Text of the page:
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The practical difficulties of teaching 'religion' in the school system

By Peter Sellick - posted Friday, 29 August 2003

The new Governor General, Michael Jeffery, in an address to Australian Religious Press Association (ARPA), has reignited the debate about the teaching of religion in school. He sees religious education, in which students are taught the universal values of respect for others, as a solution to the social breakdown we see around us, especially among the young. He says that "In Christianity, for instance, we try to live according to Jesus 's teachings, which place regard for one's fellow human beings as a priority. We need look no further than 'Love thy neighbour as thy self'."

Few commentators would disagree that there is a spiritual void at the centre of our culture that is filled with consumerism, sport and individualism. Some would see that this has to do with the decline of the Christian church. While I sympathise with his analysis I disagree with the way the Governor General assumes that religion, especially Christianity, produces ethics.

Christianity is not primarily an ethical system. It cannot be reduced to the ethical sayings of Jesus and when it is it loses its most compelling aspects. If Christianity were simply an ethical system, Sunday morning in church would consist of a seminar in ethics. While this may be true at some times for some groups, for the mainline churches Sunday worship is just that, worship. While this includes a teaching office in which ethical issues may be raised, its main focus is an interaction with God via word and sacrament. For God does not reveal an ethical system, as is more the case in Islam, God reveals Himself. Therefore, Word and Sacrament are understood as a communion with God. It is this meeting with the divine that transforms the worshipper. In Baptism the old self is put to death and the new raised as Christ was raised. In the sermon Christ is represented to the congregation. In the Eucharist the congregation consume their God in the hope that they will become what they eat. It is this transformative power of worship within the Christian community that forms our desires, ameliorates our fear and anxiety and sets the stage for the good life, ethically speaking.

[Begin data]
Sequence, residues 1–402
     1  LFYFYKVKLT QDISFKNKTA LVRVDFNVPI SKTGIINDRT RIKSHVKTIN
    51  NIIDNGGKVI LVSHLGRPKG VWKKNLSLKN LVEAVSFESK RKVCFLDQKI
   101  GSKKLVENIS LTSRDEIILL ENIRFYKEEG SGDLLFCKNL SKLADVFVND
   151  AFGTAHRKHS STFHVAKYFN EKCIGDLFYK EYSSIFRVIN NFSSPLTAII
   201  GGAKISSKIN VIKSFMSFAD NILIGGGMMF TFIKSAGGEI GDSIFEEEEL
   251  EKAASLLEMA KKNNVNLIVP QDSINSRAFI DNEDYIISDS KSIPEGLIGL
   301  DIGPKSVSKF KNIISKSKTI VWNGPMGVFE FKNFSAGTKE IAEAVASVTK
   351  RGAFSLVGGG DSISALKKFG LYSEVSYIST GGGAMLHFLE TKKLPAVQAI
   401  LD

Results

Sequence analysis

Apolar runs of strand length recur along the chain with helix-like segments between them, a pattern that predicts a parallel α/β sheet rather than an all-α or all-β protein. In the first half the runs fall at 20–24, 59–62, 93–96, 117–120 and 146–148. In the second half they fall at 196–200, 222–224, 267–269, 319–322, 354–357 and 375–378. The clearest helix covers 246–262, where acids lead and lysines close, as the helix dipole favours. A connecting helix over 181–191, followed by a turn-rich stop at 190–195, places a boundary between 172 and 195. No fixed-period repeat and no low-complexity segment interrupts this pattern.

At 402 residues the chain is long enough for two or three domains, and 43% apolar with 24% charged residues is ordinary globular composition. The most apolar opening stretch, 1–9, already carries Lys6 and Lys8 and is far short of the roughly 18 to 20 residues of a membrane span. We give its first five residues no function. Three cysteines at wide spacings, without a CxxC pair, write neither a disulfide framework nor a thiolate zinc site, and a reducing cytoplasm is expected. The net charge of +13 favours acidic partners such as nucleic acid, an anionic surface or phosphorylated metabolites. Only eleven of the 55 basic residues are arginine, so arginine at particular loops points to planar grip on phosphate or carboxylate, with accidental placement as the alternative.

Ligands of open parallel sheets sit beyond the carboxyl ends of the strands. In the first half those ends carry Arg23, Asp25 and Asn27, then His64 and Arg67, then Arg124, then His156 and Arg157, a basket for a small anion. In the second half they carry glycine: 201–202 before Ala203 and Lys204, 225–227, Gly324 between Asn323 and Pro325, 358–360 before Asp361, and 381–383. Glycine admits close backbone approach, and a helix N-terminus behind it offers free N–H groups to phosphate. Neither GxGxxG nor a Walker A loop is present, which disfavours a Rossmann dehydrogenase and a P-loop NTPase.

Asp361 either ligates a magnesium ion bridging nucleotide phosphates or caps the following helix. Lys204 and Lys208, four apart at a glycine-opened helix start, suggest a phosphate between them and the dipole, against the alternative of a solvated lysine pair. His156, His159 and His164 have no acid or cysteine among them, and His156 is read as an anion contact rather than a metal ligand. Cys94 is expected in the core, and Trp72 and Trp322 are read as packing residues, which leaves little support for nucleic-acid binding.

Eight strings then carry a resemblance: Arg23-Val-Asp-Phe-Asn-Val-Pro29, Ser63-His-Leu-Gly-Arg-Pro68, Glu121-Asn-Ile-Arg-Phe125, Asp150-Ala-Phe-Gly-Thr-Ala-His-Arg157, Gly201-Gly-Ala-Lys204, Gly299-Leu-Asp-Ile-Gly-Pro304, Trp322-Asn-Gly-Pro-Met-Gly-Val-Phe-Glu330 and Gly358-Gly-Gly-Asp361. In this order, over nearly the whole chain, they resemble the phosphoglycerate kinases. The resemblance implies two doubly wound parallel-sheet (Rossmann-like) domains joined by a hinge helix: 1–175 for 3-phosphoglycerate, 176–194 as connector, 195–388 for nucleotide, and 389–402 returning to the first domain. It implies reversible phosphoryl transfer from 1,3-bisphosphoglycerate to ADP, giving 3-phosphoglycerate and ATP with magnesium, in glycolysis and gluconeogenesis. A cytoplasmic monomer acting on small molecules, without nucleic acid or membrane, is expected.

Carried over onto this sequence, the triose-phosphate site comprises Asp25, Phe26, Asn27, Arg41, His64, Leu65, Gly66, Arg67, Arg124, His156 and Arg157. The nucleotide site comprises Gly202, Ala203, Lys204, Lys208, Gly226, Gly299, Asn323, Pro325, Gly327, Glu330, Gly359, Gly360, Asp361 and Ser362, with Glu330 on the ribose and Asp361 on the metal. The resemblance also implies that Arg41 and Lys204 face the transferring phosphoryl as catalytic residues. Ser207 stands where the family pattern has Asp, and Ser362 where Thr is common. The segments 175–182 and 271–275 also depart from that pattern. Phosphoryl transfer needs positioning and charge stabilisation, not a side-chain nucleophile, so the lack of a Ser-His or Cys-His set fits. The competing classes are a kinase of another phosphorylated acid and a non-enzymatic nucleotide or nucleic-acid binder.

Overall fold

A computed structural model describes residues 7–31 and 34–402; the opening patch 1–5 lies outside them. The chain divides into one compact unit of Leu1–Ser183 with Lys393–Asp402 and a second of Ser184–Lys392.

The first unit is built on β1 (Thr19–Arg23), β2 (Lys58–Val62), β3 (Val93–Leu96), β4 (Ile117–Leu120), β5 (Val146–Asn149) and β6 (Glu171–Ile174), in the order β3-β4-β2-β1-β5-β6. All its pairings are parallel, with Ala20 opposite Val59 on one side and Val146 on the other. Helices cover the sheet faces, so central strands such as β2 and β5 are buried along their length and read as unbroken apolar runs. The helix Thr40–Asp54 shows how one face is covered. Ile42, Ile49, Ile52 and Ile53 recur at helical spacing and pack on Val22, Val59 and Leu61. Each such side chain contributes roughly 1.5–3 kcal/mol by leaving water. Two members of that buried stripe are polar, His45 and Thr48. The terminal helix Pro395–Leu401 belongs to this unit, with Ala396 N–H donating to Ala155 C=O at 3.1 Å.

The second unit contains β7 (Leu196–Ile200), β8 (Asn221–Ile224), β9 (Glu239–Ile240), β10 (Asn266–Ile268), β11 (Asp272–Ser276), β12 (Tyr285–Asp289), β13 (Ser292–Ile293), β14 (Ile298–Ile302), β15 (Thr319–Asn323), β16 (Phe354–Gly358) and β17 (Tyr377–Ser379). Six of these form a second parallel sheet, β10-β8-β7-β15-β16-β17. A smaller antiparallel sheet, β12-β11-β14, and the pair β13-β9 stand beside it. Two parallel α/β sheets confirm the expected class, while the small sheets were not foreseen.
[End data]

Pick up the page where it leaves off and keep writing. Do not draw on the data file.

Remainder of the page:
This is quite different from the idea that we belong to the Christian community in order to learn values. That would be to put law before grace. The big break-through of Pauline theology is that the law does not lead to life but to death as any parent will testify. When law is primary in our relation to others then that relationship perishes. Therefore the saying of Jesus to "Love thy neighbour as thy self" can never be imposed as law but must be understood as promise. When this "commandment" is understood as promise it tells us that the meaning of our lives resides in the one next to us, in a relationship that is conditioned not by law but by love.